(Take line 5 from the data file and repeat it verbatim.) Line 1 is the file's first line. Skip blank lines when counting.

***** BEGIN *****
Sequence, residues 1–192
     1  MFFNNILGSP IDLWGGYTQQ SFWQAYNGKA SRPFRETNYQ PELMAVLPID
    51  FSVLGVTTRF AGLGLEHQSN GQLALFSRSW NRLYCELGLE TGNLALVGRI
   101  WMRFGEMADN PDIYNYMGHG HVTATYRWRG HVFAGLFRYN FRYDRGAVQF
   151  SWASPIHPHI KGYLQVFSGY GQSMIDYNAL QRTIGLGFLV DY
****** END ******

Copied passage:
   151  SWASPIHPHI KGYLQVFSGY GQSMIDYNAL QRTIGLGFLV DY